NEW YORK—Like a contented beehive, New Yorks Javits Center is abuzz with happy LinuxWorld goers. SCO may be suing Novell and trying to lobby Congress in the cold (25 degrees in NYC) outside world, but such mere nuisances arent dampening the mood of the exhibitors inside.
The first thing youll notice as you enter the LinuxWorld main hall are the exhibitors: Computer Associates, HP, IBM, Novell, Oracle … oh, did I mention that this is a Linux show? Tux, the penguin, is everywhere, and so are the big-time corporate IT companies that support him. Let me say this again with feeling: Linux is now just as part of the computing mainstream as Unix or Windows.
Speaking of Windows, Microsoft has a booth in the show. On the first day of the show, however, it was shrouded with signs that youd be able to get the facts (about Linux) at 10:30 a.m. the next day. Isnt that just like Microsoft, big promises and a late delivery?
The smaller, pure-Linux-play companies are here as well, with Red Hat leading the way. But there arent many of them: Gentoo, Debian, Steeleye, Xandros and a handful of others.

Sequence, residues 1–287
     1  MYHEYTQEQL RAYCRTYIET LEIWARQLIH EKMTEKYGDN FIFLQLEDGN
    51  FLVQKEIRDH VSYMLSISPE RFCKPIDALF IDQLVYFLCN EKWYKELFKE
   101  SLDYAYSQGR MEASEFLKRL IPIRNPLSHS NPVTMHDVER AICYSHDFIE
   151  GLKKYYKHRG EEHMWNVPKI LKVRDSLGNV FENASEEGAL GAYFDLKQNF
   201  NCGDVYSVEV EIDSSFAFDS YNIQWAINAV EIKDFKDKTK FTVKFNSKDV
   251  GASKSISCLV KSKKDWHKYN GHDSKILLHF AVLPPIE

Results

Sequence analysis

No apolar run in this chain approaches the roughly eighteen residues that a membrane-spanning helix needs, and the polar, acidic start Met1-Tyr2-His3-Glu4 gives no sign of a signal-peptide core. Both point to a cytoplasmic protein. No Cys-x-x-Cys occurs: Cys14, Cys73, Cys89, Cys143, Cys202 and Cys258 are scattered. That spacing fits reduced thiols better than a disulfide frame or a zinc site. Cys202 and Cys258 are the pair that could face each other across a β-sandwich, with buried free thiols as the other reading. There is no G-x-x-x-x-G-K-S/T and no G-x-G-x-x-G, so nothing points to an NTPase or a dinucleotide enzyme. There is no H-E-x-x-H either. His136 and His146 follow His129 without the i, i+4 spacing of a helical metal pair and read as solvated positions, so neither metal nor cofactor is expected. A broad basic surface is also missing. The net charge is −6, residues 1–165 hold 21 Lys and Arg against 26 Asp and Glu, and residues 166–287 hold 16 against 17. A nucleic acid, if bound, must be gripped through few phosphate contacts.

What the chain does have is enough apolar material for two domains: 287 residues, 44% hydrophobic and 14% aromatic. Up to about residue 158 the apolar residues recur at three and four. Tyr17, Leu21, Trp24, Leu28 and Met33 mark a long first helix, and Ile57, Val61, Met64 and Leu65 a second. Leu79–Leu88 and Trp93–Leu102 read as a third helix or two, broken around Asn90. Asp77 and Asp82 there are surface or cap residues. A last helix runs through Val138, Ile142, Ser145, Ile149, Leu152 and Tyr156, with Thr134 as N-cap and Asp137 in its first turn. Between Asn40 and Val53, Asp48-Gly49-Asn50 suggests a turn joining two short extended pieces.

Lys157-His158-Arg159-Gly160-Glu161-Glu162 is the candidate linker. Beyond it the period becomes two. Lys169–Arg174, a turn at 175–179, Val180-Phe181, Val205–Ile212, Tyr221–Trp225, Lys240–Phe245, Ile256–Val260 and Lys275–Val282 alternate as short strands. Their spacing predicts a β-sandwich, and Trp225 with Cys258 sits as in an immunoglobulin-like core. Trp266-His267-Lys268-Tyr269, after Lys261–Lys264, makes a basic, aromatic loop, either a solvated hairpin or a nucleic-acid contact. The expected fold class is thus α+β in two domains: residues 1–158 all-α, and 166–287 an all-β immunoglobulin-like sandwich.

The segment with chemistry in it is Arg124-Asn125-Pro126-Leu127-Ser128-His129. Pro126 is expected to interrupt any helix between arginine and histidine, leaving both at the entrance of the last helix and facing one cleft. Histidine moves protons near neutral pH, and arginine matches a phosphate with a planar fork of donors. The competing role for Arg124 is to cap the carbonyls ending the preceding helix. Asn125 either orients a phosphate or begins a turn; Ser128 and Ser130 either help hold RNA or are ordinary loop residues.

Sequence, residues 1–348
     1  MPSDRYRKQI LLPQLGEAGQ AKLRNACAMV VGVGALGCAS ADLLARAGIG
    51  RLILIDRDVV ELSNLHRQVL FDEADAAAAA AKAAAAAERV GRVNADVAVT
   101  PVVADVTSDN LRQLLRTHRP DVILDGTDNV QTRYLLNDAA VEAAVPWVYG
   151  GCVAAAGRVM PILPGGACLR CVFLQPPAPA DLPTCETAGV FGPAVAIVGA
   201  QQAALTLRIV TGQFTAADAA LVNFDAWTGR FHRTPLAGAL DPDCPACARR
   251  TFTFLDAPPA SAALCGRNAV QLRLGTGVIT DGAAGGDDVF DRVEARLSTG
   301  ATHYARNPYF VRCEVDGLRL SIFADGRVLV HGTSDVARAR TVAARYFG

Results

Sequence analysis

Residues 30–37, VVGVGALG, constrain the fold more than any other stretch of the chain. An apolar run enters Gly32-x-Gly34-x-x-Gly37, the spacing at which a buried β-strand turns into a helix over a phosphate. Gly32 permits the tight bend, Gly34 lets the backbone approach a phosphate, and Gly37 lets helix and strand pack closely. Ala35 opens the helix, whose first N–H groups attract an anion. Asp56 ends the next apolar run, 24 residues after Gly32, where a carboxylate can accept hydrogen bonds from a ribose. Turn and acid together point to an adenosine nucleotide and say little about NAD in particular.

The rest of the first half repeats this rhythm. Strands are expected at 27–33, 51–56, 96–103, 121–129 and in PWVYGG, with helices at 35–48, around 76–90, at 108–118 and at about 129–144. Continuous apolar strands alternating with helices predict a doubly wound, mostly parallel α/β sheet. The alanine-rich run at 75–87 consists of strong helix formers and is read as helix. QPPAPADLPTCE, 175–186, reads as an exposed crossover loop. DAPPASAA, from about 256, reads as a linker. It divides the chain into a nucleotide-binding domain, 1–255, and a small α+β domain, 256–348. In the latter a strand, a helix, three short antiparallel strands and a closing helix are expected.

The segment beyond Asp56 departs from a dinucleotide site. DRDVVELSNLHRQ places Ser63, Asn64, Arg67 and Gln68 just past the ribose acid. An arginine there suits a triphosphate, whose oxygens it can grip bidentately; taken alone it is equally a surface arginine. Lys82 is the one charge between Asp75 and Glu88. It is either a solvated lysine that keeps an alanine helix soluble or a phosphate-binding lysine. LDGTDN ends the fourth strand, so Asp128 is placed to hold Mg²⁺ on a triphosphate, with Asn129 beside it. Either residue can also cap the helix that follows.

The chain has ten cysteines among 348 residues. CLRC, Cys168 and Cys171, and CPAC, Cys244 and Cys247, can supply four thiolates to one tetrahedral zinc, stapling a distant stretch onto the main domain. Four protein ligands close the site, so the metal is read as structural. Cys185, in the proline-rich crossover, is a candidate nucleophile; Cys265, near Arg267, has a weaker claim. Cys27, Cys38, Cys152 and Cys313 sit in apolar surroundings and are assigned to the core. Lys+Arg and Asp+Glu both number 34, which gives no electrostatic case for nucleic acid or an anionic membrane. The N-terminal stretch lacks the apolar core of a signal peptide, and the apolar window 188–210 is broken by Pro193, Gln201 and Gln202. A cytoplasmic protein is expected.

Perhaps the most different booth on the show floor is Googles. No, Google isnt here to get people to use Google. Theyve already done a pretty good job of that, dont you think? Google is here to look for employees.
When it comes to conversation, all you need to do is say, “I think KDE is much better than Gnome,” or vice-versa, and voila, instant discussion. Usually this is followed by a, ahem, heated debate.
The clinching argument for a Linux desktop though was experienced by one poor attendee whose Windows laptop was wreaked by a Windows virus. Say what you will about Linux security, this is one guy who really wishes he had been running a Linux desktop at the show.
BEA Systems, the Java 2 Enterprise Edition (J2EE) power, is here in force. Its slogan is: “BEA enables Java and Linux.” JBoss and other open Java development companies would have been interested to see all the attendees who have been swarming about the BEA booth.
Eric Raymond, one of the founding fathers of open source, is at the show signing his newest book, The Art of Unix Programming. Now, let me say beforehand that Ive known Eric for more than 20 years, so Im clearly biased here. That said, his book is the best Ive ever read on the zen of programming. If you read it, you wont learn how to program, but you will learn how to program well.